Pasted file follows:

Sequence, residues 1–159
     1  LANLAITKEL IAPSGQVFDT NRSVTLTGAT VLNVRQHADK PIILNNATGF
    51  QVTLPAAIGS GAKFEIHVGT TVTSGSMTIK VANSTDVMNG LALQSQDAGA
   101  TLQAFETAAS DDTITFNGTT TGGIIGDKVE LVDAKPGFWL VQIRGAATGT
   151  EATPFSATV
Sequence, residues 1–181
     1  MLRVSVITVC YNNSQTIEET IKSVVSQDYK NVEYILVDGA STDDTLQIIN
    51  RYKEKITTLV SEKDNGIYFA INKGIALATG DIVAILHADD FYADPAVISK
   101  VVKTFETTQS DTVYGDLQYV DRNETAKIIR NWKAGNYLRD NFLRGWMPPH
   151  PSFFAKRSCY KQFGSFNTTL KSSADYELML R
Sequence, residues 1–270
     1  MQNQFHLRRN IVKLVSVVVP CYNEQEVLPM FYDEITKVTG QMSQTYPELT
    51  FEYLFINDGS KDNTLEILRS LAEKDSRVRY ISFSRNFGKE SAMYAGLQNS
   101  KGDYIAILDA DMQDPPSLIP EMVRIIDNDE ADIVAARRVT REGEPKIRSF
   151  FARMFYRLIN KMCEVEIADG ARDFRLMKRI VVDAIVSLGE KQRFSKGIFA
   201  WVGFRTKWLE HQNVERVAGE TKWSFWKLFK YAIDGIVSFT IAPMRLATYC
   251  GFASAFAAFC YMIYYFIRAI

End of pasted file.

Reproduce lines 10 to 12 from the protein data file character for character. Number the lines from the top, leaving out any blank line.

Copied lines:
   151  PSFFAKRSCY KQFGSFNTTL KSSADYELML R
Sequence, residues 1–270
     1  MQNQFHLRRN IVKLVSVVVP CYNEQEVLPM FYDEITKVTG QMSQTYPELT